The teacher that smoked cigars at Goole High School was called Mr Brant. I can almost smell them now, thirty-five years later. I initially thought the smell was some chemical in the science room. How things have changed, my students are not even allowed to make a cup of tea or use oil paint in the college I work in, but the in 1970s teachers actually smoked in the school science lab!

I went to Kingsway, failed my 11+ and ended up at the High School. I frequently thank God that the schools went comprehensive, as I do not know what would have become of me had I stayed there. I was one of the first generation of students in Goole's comprehensive system. I recall it being very experimental with subjects such as Modern Studies where we looked at inner city deprivation first hand in Sheffield. Religious studies entailed dancing with patients at a mental hospital, which seemed very frightening and wrong to me even at the age of fourteen.

Posted by Shuffleton Streets on 06/05/2007

Seems quite natural to be going backwards with school memories - in the days of Boothferry where I started aged five plus in the January term, I seem to think, anyway the moon was still in the sky when I left home - soon afterwards on a bike more often than not. Rode on the wide pavement if unaccompanied down Airmyn Road, otherwise marshalled by my dad on his shop bike. These were the war years. Taught by Miss Hall. Classroom had all the stimulus I have since seen in my grandchildren's primaries. Nature table/high window sill, calendar and season charts to be changed daily. Monitor duties. Aged nine or so, late for school 'cos I wouldn't clean my shoes and kept at home until I did. Soon learned.

Later years going on eleven, clubs on a Friday and reading groups with pupil reading leaders. Sitting 11+ exam at Goole High School, don't remember any preparation, nor advice about what to do. Wrote my English composition as we called it on my favourite book - these were scarce during the war, but I had read Little Women. Hated having to do canteen duty, for a three-penny bit I think, weekly. A tin bath full of knives forks and spoons in greasy water. Am certain I answered back and was docked wages by the Chief Cook. Dinners were horrible, like Sago pudding. First banana eaten at school, fruit from USA I think. Had no idea what to do with it until shown. Outside lavs, separate playgrounds for boys and girls, nits and school nurse examinations.

Posted by Gail on 09/05/2007

I too remember being at the Alexandra Street Nursery and having afternoon naps (we were aged three or four). We each had an emblem on our blanket, coat peg, etc. Mine was a pipe, which upset me immensely as I wanted something glamorous like an apple or strawberry. Anyway, reading everyone's memories is fascinating except that I still don't know what Goole High School is. I went to the Grammar School from 1963-1970 and I only remember the school across the road being called the Secondary Modern.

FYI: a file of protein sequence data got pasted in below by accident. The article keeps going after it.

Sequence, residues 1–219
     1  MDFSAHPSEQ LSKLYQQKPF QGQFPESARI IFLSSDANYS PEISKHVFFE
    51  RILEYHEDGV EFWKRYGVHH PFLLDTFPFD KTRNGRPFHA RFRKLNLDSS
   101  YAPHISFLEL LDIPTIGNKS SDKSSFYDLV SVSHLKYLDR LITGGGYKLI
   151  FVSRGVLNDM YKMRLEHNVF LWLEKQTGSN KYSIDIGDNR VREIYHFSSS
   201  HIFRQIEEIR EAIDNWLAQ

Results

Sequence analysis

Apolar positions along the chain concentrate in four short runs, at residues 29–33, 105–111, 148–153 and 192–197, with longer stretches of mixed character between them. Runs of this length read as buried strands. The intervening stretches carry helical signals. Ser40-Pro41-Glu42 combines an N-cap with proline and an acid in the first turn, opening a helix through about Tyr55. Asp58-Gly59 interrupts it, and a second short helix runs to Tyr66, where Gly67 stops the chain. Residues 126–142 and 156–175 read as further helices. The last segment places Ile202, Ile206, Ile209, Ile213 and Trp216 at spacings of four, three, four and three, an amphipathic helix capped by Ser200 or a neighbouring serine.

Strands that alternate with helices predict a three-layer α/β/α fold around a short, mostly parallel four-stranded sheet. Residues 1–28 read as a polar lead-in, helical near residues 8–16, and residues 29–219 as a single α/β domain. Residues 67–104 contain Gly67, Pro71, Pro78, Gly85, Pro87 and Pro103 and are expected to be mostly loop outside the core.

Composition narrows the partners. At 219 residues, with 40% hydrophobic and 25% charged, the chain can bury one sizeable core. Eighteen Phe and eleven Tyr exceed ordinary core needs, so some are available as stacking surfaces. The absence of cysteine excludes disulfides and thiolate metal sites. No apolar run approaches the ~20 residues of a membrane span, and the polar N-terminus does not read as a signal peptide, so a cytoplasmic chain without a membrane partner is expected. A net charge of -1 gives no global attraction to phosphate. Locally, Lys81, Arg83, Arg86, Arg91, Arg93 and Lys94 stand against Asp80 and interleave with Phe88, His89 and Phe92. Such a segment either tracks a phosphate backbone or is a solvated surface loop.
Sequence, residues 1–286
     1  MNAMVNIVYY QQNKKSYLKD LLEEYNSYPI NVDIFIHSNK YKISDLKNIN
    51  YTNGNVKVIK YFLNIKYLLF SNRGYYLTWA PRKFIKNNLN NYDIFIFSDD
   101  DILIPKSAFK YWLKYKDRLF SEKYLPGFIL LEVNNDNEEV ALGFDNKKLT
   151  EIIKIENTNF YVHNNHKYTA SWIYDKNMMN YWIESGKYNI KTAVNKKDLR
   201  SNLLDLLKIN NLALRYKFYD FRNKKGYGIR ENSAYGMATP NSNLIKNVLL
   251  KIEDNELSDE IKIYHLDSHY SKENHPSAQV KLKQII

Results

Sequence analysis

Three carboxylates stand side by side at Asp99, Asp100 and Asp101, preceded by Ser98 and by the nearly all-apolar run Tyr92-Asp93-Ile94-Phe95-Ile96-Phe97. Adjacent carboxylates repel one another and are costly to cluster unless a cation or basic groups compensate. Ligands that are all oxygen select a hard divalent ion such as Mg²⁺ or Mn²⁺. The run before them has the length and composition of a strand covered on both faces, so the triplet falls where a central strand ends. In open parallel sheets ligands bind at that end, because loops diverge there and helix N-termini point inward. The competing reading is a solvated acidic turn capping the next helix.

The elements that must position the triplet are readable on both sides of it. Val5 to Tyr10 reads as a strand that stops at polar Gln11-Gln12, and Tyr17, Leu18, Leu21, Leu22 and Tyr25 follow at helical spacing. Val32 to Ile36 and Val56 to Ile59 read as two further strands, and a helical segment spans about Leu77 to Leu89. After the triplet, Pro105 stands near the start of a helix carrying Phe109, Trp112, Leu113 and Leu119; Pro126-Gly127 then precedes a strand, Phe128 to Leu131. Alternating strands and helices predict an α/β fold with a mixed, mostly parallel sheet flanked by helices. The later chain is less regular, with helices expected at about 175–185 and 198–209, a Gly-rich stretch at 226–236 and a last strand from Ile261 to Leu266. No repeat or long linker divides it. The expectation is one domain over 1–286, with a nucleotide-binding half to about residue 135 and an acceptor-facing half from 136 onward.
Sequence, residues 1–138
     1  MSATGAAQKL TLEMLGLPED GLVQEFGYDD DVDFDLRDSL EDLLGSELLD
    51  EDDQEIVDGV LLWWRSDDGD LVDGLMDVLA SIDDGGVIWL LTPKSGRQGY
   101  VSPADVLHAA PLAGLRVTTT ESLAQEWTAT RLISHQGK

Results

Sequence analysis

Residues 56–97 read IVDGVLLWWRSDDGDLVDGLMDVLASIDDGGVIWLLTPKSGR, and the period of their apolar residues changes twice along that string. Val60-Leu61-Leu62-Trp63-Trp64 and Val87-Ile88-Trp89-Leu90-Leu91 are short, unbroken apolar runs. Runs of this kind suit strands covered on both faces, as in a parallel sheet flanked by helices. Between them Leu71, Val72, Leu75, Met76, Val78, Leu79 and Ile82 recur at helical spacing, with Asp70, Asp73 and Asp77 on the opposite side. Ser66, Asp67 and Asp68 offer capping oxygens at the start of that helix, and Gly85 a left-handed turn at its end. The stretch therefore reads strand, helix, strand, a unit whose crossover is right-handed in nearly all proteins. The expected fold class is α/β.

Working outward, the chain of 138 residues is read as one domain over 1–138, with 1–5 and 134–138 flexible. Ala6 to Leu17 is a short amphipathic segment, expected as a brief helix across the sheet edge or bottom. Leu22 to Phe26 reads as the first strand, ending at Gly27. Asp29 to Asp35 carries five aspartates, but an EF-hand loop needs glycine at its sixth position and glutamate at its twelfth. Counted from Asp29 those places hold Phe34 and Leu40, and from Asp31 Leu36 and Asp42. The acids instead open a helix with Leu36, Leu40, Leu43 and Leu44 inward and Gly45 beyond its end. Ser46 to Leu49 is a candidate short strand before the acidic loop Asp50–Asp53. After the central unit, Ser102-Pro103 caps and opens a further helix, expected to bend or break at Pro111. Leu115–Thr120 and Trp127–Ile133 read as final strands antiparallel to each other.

Posted by Shuffleton Streets on 16/05/2007

High School (formerly the Secondary Modern) was so-named when it acted as a staging post on introduction of comprehensive education, 11-13 years, as Junior School pupils from across Goole went there before crossing the road to what was still called GGS.

Posted by Priscilla on 08/09/2007

I remember those Alexandra School pictures, as I helped to make them as I was a teacher in that class, helped the youngsters settle down for their naps after lunchtime. Most of the children enjoyed the pictures as they were too young to read so it helped them know where their own belongings were. Some very interesting reading here, thank you everyone.

Posted by Richard on 15/05/2007

GGS 1962-63, just one year but long enough for those freezing cross country runs to make an indelible impression. Some brilliant teachers and one or two real eccentrics (Bongo!) still fondly remembered. Before that, Kingsway, Mrs Millward, Miss Hall, Mr Hodgson, Mr Millward. Mr Millward loved all things Scottish, teaching us Scottish songs, the Glencoe massacre, the '15 and '45. The headmaster, I think, was Mr Richardson. I remember getting the cane but not what it was for! Before that, Alexandra Street elementary and the nursery, with those compulsory afternoon naps, very boring lying awake in the semi-darkness with the curtains drawn.

Posted by Bill on 16/05/2007

You stirred a few memories for me. "Bongo" was indeed a lovely man. Mr Millward was very frightening, I remember him slapping the cane down on our desks to help us remember our multiplication tables (it worked!). Kingsway was the only school where I was caned - my crime was writing lines on the wrong part of the page, the teacher was, I believe, Miss Furnace? I was only nine years old and it was quite brutal in retrospect, but we thought nothing of it then.

Posted by Peter on 08/07/2007

I attended Goole Grammar School 1982 to 1985. Had Miss Dean as the form teacher all the three years there. My favourite though was Miss Henderson, kind of a school boy crush, but she looked after me through times of been bullied. I was well looked after by all the scooter boyz too.